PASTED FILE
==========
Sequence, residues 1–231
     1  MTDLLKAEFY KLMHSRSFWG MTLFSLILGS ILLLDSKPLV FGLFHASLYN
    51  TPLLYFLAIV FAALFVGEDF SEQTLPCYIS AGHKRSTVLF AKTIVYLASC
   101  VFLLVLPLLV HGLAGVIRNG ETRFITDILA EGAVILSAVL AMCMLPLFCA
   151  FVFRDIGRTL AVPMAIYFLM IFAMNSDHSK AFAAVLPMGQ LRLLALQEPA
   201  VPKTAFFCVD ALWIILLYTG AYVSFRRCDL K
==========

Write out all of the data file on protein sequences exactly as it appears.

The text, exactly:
Sequence, residues 1–231
     1  MTDLLKAEFY KLMHSRSFWG MTLFSLILGS ILLLDSKPLV FGLFHASLYN
    51  TPLLYFLAIV FAALFVGEDF SEQTLPCYIS AGHKRSTVLF AKTIVYLASC
   101  VFLLVLPLLV HGLAGVIRNG ETRFITDILA EGAVILSAVL AMCMLPLFCA
   151  FVFRDIGRTL AVPMAIYFLM IFAMNSDHSK AFAAVLPMGQ LRLLALQEPA
   201  VPKTAFFCVD ALWIILLYTG AYVSFRRCDL K